When I was growing up, my Grandad used to run the Sowerby Bridge Industrial Society in the West Riding of Yorkshire, as it was then. It was part of the Co-op, and every month in those pre-internet days, he would personally deliver the Society's figures over to head office in Manchester. Every now and again, in the school holidays, he would take me and my brother over with him for a day out, the excitement of the journey by train to a big city being, from the point of view of a young lad, ample compensation for waiting for what seemed like ages in a huge, wood-panelled reception area whilst Grandad handed over the figures to the bosses in the offices beyond.
Whether those youthful journeys sub-consciously influenced my decision years later to choose Manchester as the place to go to study for my degree in geography, I don't know, but it is certainly the point where I felt an affinity to the city. I lived there for 5 years, staying after my degree and working there, but even though I left and moved back to Yorkshire, my connection to the city didn't end there. My youngest son spent several years growing up in the city, and for the past 11 years I have been working in Hyde, 8 miles to the east, but very much part of Greater Manchester, and so I have been in and around the city for years, and am lucky to have made many friends in the area.
So the news that I woke up to this morning that there had been a suicide bomber in action at the Manchester Arena was shocking. I must admit - in a real older-generation moment - that I had never heard of Ariana Grande before this morning. When I realised what the demographic of her audience is, and that there had been a lot of fatalities and serious injuries due to the bomber striking in the foyer after the concert where parents were waiting as their kids emerged from the 21,000-capacity Arena, it was a sickening feeling. A tragedy was unfolding.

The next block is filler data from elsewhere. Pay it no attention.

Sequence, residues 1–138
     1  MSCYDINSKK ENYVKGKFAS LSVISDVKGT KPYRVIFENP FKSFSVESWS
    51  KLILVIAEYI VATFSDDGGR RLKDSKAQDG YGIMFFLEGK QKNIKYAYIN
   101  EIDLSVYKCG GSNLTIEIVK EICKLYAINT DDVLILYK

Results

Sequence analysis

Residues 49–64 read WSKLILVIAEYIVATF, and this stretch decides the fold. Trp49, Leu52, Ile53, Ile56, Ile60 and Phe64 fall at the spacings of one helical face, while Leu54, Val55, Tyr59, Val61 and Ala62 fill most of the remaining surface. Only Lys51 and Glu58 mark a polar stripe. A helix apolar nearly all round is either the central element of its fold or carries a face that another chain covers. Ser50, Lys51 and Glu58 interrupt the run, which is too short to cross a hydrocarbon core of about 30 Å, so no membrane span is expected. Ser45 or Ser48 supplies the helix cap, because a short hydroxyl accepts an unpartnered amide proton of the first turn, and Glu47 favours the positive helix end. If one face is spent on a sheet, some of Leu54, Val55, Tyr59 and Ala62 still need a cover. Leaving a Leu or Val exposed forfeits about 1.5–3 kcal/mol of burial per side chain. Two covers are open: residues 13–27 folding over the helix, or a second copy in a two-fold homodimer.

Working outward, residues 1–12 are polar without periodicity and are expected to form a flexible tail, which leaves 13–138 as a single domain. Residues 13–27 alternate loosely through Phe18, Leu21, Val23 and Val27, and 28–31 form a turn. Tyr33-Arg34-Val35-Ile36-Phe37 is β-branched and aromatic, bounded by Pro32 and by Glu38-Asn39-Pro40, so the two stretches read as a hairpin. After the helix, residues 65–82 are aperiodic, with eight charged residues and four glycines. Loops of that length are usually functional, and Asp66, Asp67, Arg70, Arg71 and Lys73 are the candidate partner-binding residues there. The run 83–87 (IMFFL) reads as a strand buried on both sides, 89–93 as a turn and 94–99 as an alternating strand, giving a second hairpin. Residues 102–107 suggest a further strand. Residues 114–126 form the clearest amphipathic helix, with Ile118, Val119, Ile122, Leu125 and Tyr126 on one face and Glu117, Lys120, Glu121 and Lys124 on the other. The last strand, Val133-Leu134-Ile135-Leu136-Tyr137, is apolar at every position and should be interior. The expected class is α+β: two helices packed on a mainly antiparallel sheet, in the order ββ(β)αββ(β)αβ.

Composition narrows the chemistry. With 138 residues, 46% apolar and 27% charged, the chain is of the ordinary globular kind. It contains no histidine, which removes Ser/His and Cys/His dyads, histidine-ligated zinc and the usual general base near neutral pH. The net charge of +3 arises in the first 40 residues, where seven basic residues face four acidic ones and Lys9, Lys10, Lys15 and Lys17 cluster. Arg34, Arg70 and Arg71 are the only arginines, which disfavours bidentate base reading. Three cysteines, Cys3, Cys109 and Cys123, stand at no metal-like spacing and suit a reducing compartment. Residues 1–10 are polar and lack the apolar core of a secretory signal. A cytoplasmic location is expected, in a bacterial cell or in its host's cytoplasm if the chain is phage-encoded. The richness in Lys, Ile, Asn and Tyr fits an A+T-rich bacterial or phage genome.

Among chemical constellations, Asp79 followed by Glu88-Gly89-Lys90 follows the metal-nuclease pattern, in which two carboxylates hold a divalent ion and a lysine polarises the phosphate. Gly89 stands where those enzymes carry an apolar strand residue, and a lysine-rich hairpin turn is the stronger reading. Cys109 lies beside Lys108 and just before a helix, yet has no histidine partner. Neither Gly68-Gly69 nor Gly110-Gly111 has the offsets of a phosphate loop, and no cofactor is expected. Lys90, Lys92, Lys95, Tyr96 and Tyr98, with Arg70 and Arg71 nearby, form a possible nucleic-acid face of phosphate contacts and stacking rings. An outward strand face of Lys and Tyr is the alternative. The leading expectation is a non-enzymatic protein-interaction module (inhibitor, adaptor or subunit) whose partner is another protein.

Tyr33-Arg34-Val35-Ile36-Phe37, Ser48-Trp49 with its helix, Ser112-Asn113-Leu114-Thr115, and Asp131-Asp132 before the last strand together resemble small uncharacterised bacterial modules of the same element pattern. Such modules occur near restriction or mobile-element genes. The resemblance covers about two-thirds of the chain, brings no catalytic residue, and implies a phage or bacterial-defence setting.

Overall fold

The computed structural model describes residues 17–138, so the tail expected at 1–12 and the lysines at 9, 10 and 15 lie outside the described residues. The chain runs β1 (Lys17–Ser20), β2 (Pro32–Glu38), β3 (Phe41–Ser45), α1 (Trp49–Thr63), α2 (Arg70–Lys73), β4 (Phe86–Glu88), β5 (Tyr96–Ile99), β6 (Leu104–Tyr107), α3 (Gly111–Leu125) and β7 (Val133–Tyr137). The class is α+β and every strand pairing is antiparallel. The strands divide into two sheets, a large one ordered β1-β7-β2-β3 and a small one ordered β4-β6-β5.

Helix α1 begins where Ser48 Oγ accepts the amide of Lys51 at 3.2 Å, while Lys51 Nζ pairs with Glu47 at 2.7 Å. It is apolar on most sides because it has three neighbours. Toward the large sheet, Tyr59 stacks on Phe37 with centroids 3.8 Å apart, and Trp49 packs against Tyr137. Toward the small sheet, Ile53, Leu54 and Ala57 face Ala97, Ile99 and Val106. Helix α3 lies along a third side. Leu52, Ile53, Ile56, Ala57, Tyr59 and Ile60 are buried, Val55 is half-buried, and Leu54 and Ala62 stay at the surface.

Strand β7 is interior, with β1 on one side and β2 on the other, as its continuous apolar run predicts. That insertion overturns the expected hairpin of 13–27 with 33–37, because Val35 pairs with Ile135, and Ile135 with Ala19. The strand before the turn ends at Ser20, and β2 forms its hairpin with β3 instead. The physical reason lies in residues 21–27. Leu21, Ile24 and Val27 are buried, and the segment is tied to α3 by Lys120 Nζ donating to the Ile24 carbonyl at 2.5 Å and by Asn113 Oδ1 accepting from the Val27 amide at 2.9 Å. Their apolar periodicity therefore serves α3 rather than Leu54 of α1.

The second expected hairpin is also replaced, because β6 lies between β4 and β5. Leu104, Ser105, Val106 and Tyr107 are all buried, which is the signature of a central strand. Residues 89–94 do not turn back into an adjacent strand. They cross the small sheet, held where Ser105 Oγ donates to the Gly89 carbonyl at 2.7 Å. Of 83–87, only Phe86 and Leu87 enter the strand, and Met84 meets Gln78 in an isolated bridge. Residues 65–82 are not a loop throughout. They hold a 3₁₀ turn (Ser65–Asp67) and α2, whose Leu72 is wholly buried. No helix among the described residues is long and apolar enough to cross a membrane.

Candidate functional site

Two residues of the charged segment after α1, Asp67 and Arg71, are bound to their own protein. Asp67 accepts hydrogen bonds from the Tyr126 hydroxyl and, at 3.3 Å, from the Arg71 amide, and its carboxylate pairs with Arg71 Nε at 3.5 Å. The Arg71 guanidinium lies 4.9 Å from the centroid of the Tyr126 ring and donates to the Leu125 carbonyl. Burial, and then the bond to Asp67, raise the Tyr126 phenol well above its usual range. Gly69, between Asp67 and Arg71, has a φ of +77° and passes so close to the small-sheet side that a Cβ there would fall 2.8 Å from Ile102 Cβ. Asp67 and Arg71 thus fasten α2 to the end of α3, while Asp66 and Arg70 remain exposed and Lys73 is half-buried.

As I drove to work the 'Today' programme focussed on this almost exclusively, so I arrived in Hyde in a very sombre mood. Some colleagues had family who had been there, some had friends who had gone there. Throughout the day, Twitter fed updates. The fatalities increased, the bomber was named, a local man. Victims named, one as young as 8. But behind all this unbelievable horror incredible acts of kindness emerged. Taxi drivers and the general public giving free lift homes to the stranded. Hotels looking after the lost and confused. Strangers supporting strangers, many young, shocked, and vulnerable. A vigil tonight in Albert Square. Manchester showing its true spirit, people coming together.
The deluded followers of the so-called Islamic State may think they have gained a victory in striking at the young and defenceless, but they remain deluded to the shocking atrocity one of their own caused. Because, as ever, Manchester, as a wonderful, multi-cultural city, the complete antithesis of the barbaric world IS and its acolytes want to see, has risen up, its true character shining through. Maybe that's what I sensed all those years ago sat waiting for my Grandad in that fusty wood-panelled reception area only a few hundred yards from where yesterday's tragedy took place.
My thoughts go out to all those affected by last night's tragedy. Manchester and beyond may be deeply hurt and shocked by what happened, and will be for a long time, but its strength of spirit, humanity, and character will always win through, and for that I am proud of my connections to the city....
|Piccadilly Gardens, Manchester